Along with the antibiotics, the team also collected a breath sample to further evaluate the whale’s well-being, and sample for any bacterial, viral and fungal pathogens of concern.

“The observed animal was also coughing up a little bit of mucus while moving, suggesting irritation in the airway. Antibiotics will help against any respiratory infection as well,” said Haulena.

The panel will continue to monitor the whale but has agreed the lesions did not pose an imminent danger to the animal’s health.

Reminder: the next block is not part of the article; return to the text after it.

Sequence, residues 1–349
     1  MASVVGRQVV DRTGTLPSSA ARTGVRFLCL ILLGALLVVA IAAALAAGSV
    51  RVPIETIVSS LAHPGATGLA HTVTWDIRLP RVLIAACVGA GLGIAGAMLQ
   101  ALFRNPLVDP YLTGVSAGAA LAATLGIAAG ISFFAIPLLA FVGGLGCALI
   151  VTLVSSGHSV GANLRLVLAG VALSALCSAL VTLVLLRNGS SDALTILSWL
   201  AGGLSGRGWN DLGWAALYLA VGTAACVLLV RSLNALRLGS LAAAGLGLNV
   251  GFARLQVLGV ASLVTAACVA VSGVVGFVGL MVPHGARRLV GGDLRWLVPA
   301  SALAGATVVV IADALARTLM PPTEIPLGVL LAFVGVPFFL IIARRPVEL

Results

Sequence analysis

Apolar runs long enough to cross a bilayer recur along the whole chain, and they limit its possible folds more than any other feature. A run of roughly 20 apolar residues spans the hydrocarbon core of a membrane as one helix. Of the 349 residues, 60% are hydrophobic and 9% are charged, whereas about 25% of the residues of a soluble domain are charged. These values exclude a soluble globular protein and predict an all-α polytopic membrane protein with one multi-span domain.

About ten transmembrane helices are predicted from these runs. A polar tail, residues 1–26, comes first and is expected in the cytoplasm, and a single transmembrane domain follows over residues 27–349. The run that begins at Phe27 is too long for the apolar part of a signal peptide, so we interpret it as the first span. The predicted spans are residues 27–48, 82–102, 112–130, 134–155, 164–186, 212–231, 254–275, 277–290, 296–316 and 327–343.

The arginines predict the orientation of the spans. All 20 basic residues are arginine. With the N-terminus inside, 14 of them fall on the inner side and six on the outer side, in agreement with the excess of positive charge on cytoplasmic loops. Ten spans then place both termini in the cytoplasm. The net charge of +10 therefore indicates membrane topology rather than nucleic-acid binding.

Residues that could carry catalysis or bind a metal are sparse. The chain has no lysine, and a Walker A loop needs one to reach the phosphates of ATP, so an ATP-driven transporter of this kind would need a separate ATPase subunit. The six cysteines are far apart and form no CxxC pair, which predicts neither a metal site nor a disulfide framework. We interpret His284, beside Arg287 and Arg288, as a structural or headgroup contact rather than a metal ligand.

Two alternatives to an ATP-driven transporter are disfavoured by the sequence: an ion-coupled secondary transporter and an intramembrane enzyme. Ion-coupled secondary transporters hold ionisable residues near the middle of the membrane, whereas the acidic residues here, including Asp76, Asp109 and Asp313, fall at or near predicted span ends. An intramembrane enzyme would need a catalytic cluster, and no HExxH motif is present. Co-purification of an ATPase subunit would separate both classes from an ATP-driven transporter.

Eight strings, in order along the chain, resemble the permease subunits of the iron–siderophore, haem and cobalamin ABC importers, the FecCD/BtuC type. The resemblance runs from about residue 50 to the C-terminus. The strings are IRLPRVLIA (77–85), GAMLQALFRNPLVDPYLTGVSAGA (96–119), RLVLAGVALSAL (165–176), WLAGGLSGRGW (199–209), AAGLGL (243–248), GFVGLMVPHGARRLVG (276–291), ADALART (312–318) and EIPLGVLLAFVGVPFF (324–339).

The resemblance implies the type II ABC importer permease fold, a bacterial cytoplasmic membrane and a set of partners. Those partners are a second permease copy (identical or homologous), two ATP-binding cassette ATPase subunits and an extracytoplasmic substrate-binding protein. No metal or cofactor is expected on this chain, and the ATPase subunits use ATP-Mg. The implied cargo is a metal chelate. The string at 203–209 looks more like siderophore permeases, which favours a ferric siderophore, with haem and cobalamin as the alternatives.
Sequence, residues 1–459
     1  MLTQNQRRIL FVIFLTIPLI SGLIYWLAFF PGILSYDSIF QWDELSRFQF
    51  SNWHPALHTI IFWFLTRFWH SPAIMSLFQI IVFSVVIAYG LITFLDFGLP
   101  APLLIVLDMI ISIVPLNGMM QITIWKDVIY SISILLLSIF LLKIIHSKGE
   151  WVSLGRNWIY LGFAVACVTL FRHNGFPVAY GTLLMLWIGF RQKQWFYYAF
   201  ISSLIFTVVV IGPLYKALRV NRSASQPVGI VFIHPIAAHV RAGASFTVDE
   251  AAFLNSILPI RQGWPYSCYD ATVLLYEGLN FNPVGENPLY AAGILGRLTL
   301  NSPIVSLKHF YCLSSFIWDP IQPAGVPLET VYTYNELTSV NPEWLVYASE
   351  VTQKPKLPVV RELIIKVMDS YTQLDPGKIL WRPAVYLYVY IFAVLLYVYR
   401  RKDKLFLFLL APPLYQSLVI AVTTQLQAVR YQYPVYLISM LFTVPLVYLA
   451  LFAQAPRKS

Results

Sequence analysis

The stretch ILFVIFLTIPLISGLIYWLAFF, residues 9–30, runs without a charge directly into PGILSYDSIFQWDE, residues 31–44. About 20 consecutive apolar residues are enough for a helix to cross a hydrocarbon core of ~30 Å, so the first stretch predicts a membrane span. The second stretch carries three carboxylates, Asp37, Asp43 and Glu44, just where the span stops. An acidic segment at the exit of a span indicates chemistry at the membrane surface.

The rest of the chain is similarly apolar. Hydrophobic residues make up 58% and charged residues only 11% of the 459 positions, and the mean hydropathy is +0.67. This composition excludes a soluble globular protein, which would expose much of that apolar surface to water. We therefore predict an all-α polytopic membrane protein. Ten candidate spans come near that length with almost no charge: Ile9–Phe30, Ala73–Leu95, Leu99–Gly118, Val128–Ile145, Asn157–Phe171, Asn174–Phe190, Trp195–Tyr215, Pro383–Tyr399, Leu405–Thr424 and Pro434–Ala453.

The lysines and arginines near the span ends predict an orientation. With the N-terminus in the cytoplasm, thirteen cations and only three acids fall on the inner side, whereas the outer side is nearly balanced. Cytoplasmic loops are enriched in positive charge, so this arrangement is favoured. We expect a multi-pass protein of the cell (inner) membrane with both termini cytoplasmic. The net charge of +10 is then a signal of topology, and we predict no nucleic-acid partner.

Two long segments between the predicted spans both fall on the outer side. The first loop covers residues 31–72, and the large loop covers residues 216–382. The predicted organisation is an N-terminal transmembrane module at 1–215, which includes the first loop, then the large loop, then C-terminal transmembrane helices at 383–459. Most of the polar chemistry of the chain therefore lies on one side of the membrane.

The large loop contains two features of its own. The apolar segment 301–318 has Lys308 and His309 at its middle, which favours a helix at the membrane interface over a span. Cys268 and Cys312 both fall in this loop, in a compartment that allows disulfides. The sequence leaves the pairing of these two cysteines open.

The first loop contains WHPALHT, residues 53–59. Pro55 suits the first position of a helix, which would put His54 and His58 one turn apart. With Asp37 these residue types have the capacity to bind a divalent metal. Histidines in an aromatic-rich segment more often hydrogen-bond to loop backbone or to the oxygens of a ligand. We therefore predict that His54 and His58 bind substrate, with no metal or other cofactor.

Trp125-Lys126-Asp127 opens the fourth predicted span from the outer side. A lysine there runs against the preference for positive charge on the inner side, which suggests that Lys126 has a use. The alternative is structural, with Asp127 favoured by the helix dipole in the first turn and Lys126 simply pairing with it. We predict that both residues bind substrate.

READ ALSO: Sea lion randomly spotted on remote B.C. logging road

It can take anywhere from four months to a year for a tag to migrate out of a whale’s body. The tags act in a similar way as a splinter would in a human, and are designed to eventually work their way out of the whale’s body as the site continues to heal. Tags are implemented into the dorsal midline of the whale.

“We are hopeful that once this satellite tag is extruded, the tissue around the tagging site will heal. But we will continue to monitor the whale’s condition closely,” states the NOAA website. The satellite tag on this whale is said to be the last one remaining.

This tagging study was conducted to learn about the approximately 250 grey whales who make up the Pacific Coast feeding group. The group is part of the eastern north pacific grey population, which totals about 20,000.